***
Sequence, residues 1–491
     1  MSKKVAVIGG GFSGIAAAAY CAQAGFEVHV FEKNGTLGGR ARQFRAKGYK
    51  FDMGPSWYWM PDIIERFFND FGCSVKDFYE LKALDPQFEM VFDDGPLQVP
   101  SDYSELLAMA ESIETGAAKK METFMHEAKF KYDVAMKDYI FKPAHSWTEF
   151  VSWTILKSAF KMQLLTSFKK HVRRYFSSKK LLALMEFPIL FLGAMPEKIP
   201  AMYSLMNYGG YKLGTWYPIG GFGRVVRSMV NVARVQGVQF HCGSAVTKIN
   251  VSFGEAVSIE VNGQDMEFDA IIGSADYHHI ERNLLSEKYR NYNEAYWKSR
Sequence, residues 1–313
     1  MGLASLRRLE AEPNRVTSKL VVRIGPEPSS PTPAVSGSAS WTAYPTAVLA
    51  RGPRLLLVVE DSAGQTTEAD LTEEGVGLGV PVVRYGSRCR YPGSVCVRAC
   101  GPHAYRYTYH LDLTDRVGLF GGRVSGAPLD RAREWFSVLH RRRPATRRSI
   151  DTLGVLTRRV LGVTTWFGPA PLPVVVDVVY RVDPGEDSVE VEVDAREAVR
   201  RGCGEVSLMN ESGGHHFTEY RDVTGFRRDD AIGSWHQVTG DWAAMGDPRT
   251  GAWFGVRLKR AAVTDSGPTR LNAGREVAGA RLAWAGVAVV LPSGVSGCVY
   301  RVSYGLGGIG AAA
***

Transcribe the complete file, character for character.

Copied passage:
Sequence, residues 1–491
     1  MSKKVAVIGG GFSGIAAAAY CAQAGFEVHV FEKNGTLGGR ARQFRAKGYK
    51  FDMGPSWYWM PDIIERFFND FGCSVKDFYE LKALDPQFEM VFDDGPLQVP
   101  SDYSELLAMA ESIETGAAKK METFMHEAKF KYDVAMKDYI FKPAHSWTEF
   151  VSWTILKSAF KMQLLTSFKK HVRRYFSSKK LLALMEFPIL FLGAMPEKIP
   201  AMYSLMNYGG YKLGTWYPIG GFGRVVRSMV NVARVQGVQF HCGSAVTKIN
   251  VSFGEAVSIE VNGQDMEFDA IIGSADYHHI ERNLLSEKYR NYNEAYWKSR
Sequence, residues 1–313
     1  MGLASLRRLE AEPNRVTSKL VVRIGPEPSS PTPAVSGSAS WTAYPTAVLA
    51  RGPRLLLVVE DSAGQTTEAD LTEEGVGLGV PVVRYGSRCR YPGSVCVRAC
   101  GPHAYRYTYH LDLTDRVGLF GGRVSGAPLD RAREWFSVLH RRRPATRRSI
   151  DTLGVLTRRV LGVTTWFGPA PLPVVVDVVY RVDPGEDSVE VEVDAREAVR
   201  RGCGEVSLMN ESGGHHFTEY RDVTGFRRDD AIGSWHQVTG DWAAMGDPRT
   251  GAWFGVRLKR AAVTDSGPTR LNAGREVAGA RLAWAGVAVV LPSGVSGCVY
   301  RVSYGLGGIG AAA